May 2013 After Dark in the Park and Cultural Events
Contact: Jessica Ferracane, 808-985-6018
Hawaii National Park, Hawai'i - Hawai'i Volcanoes National Park continues its tradition of sharing Hawaiian culture and After Dark in the Park programs with the community and visitors in May. All programs are free, but park entrance fees apply. Mark the calendar for these upcoming events:
Whose Footprints Are These Really? Research suggests the story behind the fossilized human footprints in the Ka'ū Desert may be more complex than originally thought. Footprints found in desert ash layers were believed to have been created in 1790 by the army of the Hawaiian Chief Keōua on their way back from battle. While in the area, Kīlauea erupted, sending suffocating ash down on one group. Others made it out alive, leaving their footprints in the then-wet ash. The ash dried, forever memorializing this event…or did it? Join Dr. Jadelyn Moniz-Nakamura as she examines fascinating geologic evidence that may indicate much more prehistoric activity in the area. Part of Hawai'i Volcanoes' ongoing After Dark in the Park series. Free.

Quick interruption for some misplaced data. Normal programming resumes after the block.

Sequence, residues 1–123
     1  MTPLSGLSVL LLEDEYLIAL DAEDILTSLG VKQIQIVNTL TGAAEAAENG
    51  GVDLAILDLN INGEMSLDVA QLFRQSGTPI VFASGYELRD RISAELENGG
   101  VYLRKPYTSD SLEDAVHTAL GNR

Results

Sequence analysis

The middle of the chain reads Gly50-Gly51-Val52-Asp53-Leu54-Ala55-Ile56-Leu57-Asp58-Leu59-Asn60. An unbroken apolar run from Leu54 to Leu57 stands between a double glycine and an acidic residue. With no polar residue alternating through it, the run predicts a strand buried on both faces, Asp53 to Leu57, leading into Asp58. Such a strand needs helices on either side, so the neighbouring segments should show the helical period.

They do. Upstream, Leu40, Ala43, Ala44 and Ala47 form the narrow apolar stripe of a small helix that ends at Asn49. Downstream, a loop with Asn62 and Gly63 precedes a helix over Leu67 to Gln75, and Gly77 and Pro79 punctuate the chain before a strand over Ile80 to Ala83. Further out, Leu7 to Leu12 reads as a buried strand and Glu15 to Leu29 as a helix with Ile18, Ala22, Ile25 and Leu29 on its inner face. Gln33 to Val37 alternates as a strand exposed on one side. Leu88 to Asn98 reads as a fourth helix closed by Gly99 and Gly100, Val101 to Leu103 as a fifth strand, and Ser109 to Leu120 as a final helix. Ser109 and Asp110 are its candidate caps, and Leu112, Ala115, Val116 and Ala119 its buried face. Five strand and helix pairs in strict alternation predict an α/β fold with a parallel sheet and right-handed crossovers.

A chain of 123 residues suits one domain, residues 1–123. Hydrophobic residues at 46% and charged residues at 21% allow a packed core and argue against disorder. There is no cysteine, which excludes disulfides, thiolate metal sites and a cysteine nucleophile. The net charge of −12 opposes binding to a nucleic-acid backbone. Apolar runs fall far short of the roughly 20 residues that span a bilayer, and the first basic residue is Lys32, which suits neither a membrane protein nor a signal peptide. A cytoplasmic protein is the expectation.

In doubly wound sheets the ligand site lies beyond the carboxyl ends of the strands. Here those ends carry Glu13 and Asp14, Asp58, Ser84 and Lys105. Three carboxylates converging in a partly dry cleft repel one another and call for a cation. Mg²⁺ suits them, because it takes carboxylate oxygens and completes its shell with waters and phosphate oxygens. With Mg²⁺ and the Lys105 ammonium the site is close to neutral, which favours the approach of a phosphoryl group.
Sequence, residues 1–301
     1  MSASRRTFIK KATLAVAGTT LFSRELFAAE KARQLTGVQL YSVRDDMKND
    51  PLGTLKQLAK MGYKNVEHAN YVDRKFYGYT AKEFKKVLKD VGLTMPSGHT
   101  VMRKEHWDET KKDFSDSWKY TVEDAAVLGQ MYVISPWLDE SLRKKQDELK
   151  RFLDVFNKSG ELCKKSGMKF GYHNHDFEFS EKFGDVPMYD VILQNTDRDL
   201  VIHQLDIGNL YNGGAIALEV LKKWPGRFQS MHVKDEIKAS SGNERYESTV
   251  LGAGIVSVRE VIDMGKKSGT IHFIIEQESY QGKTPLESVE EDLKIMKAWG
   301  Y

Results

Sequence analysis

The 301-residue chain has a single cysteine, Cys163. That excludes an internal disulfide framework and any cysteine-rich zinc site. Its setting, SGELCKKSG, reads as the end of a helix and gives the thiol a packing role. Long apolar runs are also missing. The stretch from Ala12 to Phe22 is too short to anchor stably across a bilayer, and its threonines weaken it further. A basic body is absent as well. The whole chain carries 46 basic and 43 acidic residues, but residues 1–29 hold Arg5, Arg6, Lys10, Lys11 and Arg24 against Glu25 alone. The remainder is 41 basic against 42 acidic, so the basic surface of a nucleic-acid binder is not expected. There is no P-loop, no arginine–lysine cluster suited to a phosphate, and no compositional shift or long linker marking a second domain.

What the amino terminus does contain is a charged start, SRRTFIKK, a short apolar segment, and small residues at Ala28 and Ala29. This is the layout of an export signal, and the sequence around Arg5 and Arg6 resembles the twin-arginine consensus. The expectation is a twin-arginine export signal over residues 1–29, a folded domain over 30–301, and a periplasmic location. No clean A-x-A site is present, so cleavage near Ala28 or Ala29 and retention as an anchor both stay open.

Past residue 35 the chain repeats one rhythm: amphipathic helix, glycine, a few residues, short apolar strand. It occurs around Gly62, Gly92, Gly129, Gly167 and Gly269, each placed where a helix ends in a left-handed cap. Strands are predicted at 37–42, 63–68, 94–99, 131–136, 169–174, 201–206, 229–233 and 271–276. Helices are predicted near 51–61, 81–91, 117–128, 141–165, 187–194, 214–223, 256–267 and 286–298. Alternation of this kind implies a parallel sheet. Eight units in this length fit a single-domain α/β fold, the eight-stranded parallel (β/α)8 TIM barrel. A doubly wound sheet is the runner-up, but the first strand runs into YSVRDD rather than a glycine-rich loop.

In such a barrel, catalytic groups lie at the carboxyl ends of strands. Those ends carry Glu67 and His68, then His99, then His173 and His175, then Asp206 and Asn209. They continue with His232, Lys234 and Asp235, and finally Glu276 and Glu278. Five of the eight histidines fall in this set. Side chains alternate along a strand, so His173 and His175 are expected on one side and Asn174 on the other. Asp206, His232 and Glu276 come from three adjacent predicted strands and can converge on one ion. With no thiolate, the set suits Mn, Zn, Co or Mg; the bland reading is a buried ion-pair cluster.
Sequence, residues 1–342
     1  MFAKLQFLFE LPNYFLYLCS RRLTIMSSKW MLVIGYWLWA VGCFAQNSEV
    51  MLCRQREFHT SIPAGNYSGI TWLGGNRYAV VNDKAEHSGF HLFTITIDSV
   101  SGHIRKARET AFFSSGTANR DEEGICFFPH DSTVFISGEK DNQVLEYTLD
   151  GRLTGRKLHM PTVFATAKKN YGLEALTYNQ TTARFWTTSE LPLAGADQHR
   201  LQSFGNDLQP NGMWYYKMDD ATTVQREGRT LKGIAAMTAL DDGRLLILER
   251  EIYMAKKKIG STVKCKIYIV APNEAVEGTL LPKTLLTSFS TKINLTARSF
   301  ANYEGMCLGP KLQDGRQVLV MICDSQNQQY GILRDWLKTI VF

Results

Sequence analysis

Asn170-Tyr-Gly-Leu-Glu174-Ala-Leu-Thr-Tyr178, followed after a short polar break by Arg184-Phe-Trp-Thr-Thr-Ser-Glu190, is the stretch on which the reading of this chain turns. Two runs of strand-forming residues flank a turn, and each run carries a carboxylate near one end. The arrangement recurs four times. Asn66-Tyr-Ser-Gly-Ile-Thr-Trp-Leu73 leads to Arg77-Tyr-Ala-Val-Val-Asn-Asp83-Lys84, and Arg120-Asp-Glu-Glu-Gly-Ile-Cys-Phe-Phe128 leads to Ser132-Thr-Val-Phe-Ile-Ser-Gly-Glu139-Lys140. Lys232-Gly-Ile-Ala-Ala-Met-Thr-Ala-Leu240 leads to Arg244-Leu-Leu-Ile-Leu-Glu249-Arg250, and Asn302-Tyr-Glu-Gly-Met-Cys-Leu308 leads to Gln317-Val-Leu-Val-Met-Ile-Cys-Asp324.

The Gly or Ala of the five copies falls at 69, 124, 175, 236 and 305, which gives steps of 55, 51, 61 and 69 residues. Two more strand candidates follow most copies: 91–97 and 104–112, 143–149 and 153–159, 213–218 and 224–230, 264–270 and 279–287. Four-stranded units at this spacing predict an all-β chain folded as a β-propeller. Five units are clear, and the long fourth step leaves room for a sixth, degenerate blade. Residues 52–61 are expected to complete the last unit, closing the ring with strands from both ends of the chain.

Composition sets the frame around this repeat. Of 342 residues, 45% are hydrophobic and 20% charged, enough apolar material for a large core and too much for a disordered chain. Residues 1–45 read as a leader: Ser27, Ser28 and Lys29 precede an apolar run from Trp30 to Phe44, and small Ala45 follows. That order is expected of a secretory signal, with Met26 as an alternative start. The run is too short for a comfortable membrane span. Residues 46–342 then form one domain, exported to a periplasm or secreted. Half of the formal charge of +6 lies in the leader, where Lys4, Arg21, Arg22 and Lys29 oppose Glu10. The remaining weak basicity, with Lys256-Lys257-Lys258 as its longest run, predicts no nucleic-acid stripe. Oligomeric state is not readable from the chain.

Lei Making, Hilo-Style with Ti Leaf. Malia Macabio and Amy Kaawaloa demonstrate how to make the Hilo style of lei by twisting two strands of ti leaves together. Hula dancers use lei lā'ī (ti leaf lei) to adorn their wrists and necks. Part of Hawai'i Volcanoes' ongoing 'Ike Hana No'eau "Experience the Skillful Work" workshops. Free.
Did You Know?
`Ohelo (Vaccinium reticulatum) is a relative of blueberries and a favorite food of nene, the Hawaiian Goose. Its berries range from dark red to pale yellow when ripe and are sacred to Pele, the volcano deity.